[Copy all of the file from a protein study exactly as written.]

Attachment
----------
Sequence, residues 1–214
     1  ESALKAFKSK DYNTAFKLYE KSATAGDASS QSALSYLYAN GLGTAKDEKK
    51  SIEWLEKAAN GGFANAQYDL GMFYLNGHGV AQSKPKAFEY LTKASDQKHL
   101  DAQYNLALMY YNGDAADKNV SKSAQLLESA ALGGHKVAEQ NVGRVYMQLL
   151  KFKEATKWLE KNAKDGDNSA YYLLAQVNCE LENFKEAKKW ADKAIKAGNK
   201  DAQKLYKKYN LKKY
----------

Sequence, residues 1–214
     1  ESALKAFKSK DYNTAFKLYE KSATAGDASS QSALSYLYAN GLGTAKDEKK
    51  SIEWLEKAAN GGFANAQYDL GMFYLNGHGV AQSKPKAFEY LTKASDQKHL
   101  DAQYNLALMY YNGDAADKNV SKSAQLLESA ALGGHKVAEQ NVGRVYMQLL
   151  KFKEATKWLE KNAKDGDNSA YYLLAQVNCE LENFKEAKKW ADKAIKAGNK
   201  DAQKLYKKYN LKKY